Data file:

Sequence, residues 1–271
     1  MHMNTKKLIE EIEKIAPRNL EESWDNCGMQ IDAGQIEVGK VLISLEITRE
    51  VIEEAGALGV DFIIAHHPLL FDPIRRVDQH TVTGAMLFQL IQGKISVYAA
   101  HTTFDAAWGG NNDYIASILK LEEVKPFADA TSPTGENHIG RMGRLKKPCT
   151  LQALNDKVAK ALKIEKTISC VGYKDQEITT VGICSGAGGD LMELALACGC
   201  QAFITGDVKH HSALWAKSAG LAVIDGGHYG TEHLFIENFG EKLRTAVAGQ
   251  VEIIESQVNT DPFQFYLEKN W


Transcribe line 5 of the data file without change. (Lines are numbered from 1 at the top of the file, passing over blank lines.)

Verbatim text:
   151  LQALNDKVAK ALKIEKTISC VGYKDQEITT VGICSGAGGD LMELALACGC